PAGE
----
November 18, 2011
Update: Gwiza Still in Titus's Group, Kuryama's Group Still Wandering, Gorillas Lost and Found
It’s day six of Gwiza’s interaction with Titus’s group, and the Fossey Fund’s Karisoke Research Center field staff are starting to bet on whether he will ever leave or stay. It seems that the last say will belong to female Fat (Ubufatanye), who doesn’t yet seem to have made up her mind about what to do. Gwiza spent the night with the others. During the daytime Fat is sometimes with Gwiza 30 to 50 meters from the group but she then moves back toward the group, followed by Gwiza. All the gorillas must be exhausted, as they walk long distances every day – today three kilometers up and down hill from Bikereri to the Basumba area.
Kuryama’s group has explored almost all the eucalyptus fields that neighbor the park from east to west in the last two weeks, between the slopes of the Karisimbi and Visoke volcanoes. Today once again they were outside the park, walking for almost a kilometer along the buffalo wall from the Muntu area going west, 400 meters downhill from the wall. Field staff rotate to be with them until evening.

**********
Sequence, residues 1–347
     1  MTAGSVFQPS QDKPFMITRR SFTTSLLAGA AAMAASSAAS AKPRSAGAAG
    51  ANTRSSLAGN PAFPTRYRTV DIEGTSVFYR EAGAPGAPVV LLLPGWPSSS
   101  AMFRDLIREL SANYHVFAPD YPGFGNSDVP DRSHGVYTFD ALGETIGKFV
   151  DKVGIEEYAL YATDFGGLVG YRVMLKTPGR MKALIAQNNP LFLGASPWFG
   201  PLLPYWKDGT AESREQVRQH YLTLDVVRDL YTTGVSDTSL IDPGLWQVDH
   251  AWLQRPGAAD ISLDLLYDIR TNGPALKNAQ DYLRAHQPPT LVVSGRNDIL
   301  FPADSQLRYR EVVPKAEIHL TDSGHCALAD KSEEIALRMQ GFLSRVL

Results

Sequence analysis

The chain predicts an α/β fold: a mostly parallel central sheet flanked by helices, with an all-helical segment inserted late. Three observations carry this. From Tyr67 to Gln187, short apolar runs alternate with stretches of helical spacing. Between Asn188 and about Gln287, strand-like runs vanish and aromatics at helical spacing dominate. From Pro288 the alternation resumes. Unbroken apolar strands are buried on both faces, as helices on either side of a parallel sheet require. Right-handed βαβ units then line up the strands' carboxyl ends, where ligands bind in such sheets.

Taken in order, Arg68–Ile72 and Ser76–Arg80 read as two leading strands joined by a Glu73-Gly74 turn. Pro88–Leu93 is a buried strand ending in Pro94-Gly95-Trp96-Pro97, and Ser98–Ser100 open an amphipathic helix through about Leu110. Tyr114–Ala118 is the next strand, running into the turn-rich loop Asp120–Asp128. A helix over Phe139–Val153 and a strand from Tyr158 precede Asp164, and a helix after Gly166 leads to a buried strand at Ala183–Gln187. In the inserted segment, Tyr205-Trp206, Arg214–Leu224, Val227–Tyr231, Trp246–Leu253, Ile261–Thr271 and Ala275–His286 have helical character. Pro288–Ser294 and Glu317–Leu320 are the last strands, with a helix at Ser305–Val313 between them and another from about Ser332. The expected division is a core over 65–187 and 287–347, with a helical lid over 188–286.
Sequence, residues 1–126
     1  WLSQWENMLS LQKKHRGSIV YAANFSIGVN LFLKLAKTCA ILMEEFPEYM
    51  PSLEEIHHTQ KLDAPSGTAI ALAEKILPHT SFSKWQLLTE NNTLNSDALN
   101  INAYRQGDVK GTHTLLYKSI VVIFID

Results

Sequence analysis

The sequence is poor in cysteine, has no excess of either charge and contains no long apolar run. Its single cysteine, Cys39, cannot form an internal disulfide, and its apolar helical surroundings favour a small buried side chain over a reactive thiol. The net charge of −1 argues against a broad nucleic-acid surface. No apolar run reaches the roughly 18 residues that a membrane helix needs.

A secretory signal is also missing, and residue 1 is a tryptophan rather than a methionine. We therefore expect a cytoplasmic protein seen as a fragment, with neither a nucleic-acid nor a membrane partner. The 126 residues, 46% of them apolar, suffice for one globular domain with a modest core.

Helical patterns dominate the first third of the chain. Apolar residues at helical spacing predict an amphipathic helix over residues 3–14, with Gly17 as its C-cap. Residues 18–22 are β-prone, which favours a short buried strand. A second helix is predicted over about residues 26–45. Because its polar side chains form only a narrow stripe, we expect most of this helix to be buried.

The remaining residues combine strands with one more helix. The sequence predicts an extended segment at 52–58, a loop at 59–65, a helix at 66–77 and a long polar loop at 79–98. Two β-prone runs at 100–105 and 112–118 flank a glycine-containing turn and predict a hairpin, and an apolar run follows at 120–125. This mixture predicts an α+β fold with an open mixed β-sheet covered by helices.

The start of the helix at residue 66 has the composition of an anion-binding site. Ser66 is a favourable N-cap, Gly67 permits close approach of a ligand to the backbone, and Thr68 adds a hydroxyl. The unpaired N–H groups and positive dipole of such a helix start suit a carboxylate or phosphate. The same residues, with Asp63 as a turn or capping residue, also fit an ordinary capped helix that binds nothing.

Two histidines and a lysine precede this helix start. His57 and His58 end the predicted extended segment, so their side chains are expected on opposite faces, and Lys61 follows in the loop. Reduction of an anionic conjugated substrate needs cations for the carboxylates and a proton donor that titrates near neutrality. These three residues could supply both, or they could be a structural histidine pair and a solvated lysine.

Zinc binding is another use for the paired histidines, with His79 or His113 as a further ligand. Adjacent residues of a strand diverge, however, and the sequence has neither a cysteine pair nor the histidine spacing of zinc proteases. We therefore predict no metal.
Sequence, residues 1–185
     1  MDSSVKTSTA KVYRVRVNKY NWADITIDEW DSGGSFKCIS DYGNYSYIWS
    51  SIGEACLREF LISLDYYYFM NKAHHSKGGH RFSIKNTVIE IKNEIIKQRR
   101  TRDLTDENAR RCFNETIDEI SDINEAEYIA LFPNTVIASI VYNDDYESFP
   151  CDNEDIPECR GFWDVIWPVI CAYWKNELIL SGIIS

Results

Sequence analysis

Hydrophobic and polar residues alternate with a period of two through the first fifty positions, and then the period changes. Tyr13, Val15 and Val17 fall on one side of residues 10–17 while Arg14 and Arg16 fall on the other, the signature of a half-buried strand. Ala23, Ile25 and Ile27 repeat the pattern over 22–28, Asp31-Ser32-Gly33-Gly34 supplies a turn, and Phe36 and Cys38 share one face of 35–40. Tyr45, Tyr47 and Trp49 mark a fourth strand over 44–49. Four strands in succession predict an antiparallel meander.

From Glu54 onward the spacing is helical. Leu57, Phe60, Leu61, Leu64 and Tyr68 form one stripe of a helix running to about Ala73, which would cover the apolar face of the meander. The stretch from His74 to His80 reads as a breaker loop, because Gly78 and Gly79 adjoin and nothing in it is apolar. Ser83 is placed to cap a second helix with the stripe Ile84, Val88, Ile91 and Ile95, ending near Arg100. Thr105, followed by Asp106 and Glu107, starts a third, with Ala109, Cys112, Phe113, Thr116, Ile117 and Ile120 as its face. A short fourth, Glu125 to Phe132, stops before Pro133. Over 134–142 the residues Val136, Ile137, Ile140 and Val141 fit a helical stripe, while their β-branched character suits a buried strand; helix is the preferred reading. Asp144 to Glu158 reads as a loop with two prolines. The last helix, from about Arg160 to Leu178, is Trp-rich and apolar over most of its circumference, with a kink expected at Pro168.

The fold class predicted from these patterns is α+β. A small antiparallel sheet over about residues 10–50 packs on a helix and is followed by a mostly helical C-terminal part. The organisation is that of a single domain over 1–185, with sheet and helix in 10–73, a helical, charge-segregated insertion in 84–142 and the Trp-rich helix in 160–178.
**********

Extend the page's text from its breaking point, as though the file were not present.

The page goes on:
Also outside the park: Ugenda’s, Bwenge’s and Ntambara’s groups, but all for less than an hour before going back inside on their own. The previous day, Ugenda’s group had been outside the park for more than four hours and had to be herded back inside by trackers. This was the first time this had been done for Ugenda’s group. Silverbacks Wageni and Ugenda made many pig grunts at the trackers, but the operation was successful.
It’s the second day for male Irakoze to be missing from Pablo’s group. We are wondering if he has rejoined the two companions from his former bachelor group. We hope to find him (or them) soon, to confirm whether or not that’s the case.
Female Umusatsi and son Rwema were accidentally found by Pablo’s trackers today. She is far from any gorilla group. The closest group is Bwenge’s but it is still far from her. Her own group, Kuryama’s, is kilometers away. She seems very confident in her travelling, but she was distressed by the trackers and run away. We are happy to have found her healthy and we are confident that she will end up in her group or in another one soon. We don’t have staff available on a daily basis to follow her, as the anti-poaching patrol is involved in overnight patrols with the Rwandan park authority (RDB). We will try to track her as soon as we have a minimum of three field staff available.